Four LIV players officially resign from European tour

LIV Golf photo by Charles Laberge via AP / Sergio Garcia hits a shot from the 10th tee at Sentosa Golf Club during the second round of the LIV Golf League's Singapore tournament last Saturday.

English players Richard Bland, Ian Poulter and Lee Westwood and Spain's Sergio Garcia have resigned from the DP World Tour instead of facing fines of 100,000 pounds ($125,000) for playing LIV Golf League tournaments without permission from the Europe-based circuit.

All four were among those who played the inaugural LIV event outside London last June and violated the conflicting tournament regulation policy. In a statement released Wednesday, the DP World Tour thanked the four players for their contributions — particularly Garcia, Poulter and Westwood for their roles in Europe's dominance of the Ryder Cup against the United States.

"Their resignations, however, along with the sanctions imposed upon them, are a consequence of their own choices," the tour said.

The decision stems from last month's ruling by Sport Resolutions that a number of players committed serious breaches of the DP World Tour's code of behavior by playing last year in events for LIV, which is backed by Saudi Arabia's sovereign wealth fund. The ruling allowed the tour to impose fines of 100,000 pounds. Instead of paying the fine, the four players chose to resign.

That likely is the end of Garcia's record run through the Ryder Cup, which dates to 1999 when he was 19. The 43-year-old Spaniard holds the Ryder Cup record for most matches won (25) and most points contributed (28 1/2) in nine appearances.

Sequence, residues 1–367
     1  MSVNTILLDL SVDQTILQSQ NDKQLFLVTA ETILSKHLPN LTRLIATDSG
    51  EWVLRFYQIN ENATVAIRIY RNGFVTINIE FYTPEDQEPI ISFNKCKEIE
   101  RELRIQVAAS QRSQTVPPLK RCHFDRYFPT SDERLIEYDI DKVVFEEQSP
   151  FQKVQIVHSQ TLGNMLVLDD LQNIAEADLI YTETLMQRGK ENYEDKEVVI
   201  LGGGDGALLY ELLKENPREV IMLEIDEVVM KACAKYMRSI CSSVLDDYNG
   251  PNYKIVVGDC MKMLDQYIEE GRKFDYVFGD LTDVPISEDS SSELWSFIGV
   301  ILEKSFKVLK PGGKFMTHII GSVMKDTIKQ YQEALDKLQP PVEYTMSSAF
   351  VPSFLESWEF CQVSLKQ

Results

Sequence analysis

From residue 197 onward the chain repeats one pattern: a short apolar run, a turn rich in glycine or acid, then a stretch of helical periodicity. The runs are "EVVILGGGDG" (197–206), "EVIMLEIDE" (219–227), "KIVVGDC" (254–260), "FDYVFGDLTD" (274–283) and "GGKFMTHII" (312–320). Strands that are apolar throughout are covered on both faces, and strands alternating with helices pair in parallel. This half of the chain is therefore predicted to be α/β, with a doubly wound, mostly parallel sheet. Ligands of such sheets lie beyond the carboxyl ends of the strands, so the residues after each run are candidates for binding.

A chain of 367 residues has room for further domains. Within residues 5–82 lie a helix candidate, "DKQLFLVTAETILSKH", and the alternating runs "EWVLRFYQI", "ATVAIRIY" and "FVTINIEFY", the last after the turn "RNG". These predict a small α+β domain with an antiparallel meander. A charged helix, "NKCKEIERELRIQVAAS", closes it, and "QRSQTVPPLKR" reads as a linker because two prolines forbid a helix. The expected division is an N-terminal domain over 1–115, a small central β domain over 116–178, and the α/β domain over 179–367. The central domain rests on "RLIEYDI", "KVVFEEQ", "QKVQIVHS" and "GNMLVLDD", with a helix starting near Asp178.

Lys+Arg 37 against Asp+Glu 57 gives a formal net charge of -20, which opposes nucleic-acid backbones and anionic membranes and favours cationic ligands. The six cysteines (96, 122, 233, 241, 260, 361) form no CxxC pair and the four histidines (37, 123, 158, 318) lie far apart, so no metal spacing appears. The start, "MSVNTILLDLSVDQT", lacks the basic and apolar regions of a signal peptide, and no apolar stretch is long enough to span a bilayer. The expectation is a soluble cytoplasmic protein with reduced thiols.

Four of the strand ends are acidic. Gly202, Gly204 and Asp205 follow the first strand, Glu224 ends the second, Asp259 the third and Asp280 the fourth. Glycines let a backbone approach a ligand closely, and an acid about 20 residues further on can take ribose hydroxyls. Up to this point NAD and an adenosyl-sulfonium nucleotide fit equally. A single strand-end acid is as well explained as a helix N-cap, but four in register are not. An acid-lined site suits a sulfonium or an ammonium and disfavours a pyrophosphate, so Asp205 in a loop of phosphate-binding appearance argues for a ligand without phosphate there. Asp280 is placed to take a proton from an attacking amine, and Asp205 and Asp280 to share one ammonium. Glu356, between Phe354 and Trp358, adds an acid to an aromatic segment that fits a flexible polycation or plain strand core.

Poulter, 47, is best known for his "Postman" performance at Medinah (Illinois) Country Club in 2012, when he made five straight birdies in a fourballs match with Rory McIlroy, the spark that delivered Europe to the greatest comeback by a visiting team.

Westwood, 50, spent three decades on the European circuit and remained devoted in the wake of so many stars joining the PGA Tour. He has 25 wins on the circuit, won its points title three times and reached No. 1 in the Official World Golf Ranking toward the end of 2010. His 11 appearances in the Ryder Cup are the most by a European.

Westwood told The Daily Telegraph it was "a sad day."

"I could not really see any other option with all the punishments hanging over me," Westwood said, adding that he doesn't agree with the direction DP World Tour CEO Keith Pelley and the tour board "and I want to move on."

Bland, 50, has one victory on the European circuit.

Other players, including two-time major winner Martin Kaymer of Germany, Northern Ireland's Graeme McDowell and Austria's Bernd Wiesberger, would need to pay the fine if they want to stay on tour. McDowell has played only the BMW PGA Championship since joining LIV, and Wiesberger played the Middle East swing while the tour sanctions remained under appeal.

The tour said an update on other sanctioned players would be provided Thursday. This week's tournament is the Italian Open at Marco Simone Golf & Country Club near Rome, the course that will host the Ryder Cup later this year.